The main added value of establishing an EU strategy is to encourage and frame the cooperation between all EU Member States, including those that have a long history in military space, those that are new to this domain, those that are primarily users rather than suppliers of solutions, and those perhaps less aware of its importance.

It is therefore crucial that the Strategy addresses the coordination of EU and national stakeholders. Given the central role of national assets and multilateral cooperation in the security domain, the EU should find ways to contribute to streamline and/or coordinate the use of national assets for military purposes, including to protect other Member States’ assets. In this context, a number of questions should be addressed:

  • Inclusivity of collaboration: Define the scope of collaboration that is appropriate between EU Member States for its implementation. In particular, balancing the benefits of an extensive collaboration (with as many countries as possible) and of a more restricted one (starting with countries that are willing and able to contribute) may be relevant.
  • Depth of collaboration: Define a level of collaboration that is appropriate between EU Member States to implement the Strategy (dialogue, coordination, cooperation, integration…), keeping in mind that some mechanisms require stronger commitments. In this context, the EU could support coordination between its Member States.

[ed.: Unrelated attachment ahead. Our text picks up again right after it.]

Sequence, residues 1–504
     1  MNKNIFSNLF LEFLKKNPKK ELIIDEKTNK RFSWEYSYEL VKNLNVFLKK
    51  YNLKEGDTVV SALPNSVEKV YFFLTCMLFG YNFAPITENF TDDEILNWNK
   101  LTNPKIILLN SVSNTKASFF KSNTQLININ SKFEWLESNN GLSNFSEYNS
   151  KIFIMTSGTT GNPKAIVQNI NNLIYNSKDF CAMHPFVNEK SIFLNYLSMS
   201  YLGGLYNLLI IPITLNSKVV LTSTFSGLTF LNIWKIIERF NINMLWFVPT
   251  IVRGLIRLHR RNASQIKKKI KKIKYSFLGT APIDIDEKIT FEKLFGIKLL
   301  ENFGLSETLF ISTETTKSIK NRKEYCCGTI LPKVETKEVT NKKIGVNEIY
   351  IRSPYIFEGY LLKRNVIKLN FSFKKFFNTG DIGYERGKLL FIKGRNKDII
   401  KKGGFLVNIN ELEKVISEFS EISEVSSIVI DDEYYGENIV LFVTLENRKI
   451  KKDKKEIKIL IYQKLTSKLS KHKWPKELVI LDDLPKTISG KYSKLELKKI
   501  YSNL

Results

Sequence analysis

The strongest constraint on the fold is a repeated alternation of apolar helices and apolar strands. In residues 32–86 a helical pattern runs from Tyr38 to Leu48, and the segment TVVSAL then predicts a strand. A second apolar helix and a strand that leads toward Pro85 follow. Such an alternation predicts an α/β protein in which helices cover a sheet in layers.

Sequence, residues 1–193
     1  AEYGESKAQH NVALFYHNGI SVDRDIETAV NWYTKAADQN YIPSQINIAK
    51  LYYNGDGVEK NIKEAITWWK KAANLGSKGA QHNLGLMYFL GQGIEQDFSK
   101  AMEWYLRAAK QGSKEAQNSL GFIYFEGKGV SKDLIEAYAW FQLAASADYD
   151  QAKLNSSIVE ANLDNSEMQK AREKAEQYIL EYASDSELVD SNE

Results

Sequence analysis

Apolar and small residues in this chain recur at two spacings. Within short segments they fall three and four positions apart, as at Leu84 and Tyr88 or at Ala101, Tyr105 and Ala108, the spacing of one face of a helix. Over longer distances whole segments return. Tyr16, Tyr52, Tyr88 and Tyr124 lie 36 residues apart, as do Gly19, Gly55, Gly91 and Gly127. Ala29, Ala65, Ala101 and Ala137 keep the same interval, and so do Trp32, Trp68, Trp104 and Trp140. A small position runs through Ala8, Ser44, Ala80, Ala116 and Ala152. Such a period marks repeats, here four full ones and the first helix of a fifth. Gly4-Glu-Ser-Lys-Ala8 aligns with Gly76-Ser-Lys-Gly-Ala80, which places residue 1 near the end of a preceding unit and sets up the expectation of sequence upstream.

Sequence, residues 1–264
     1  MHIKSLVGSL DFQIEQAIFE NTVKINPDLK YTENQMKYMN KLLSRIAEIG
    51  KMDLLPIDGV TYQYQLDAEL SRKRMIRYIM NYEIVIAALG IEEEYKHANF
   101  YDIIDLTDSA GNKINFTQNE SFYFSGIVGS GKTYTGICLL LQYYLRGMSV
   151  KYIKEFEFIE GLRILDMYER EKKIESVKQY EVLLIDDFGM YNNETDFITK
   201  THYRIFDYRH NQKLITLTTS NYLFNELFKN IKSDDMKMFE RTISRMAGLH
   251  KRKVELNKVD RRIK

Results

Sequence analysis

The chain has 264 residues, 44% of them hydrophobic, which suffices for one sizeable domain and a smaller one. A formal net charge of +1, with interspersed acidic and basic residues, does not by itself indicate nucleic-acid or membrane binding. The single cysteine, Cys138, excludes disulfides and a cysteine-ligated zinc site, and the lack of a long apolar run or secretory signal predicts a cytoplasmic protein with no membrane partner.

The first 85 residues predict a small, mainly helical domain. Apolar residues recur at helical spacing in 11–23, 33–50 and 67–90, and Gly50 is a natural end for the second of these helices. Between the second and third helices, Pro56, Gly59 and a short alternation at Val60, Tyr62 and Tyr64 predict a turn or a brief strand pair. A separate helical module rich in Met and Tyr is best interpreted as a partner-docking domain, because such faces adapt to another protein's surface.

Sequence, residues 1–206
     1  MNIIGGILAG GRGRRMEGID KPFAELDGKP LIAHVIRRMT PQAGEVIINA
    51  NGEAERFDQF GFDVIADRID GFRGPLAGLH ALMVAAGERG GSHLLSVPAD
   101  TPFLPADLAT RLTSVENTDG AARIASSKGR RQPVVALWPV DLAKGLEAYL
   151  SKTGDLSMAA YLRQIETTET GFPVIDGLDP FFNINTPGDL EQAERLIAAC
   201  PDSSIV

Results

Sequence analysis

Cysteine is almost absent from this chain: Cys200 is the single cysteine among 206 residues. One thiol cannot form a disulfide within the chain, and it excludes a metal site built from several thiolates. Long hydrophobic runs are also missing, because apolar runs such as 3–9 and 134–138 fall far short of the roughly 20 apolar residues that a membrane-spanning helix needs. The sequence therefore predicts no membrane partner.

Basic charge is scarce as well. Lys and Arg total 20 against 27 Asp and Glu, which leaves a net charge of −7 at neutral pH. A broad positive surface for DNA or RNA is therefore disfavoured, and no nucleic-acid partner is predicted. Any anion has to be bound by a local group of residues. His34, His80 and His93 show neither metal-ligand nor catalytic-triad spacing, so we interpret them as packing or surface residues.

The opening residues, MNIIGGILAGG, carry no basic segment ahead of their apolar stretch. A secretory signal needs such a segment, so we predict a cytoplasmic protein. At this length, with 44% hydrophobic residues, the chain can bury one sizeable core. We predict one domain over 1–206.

• Foster EU collaboration: Define incentives to make EU-wide cooperation more attractive than current bilateral or multilateral partnerships among EU nations or between EU and non-EU countries.
  • Improve internal EU coordination: Establish mechanisms to ensure greater integration between various EU institutional stakeholders, based on their respective mandates. Involved entities should be both those in charge of managing EU space activities and providing space services (e.g. DG DEFIS, EUSPA, EU Satellite Centre, EU SST) as well as users of such services for security and defence purposes (e.g. EEAS, EMSA, Frontex, DG HOME, DG ECHO…).

2.2  Garnering credibility through robust threat response mechanisms

An important element of the Strategy, to develop further during its implementation, is to define and clarify when and how the EU would reply to a potential threat against its space assets. To this end, robust processes need to be set up, and responsibilities delineated. This would allow the EU to react in a timely manner and be perceived as a credible actor internationally. Fortunately, the EU already has a starting point through the work performed and mechanisms established in the past.

  • Define an attack: The Strategic Compass states that the EU and its Member States “aim to also further strengthen solidarity, mutual assistance and crisis response in case of attacks originating from space or threats to space-based assets, including through exercises”. Therefore, the Strategy should define the conditions for common action: when should such an action take place? In other words, what is the threshold defining an attack? Alternatively, what should be the threshold from which the EU and its Member States reserve the right to retaliate under “self-defence” as described in the UN Charter? This should be defined keeping in mind discussions at NATO level. It should also be decided whether this definition should be openly shared or not, as the latter would reinforce strategic ambiguity and allow Europeans to keep a margin of manoeuvre in case of crisis.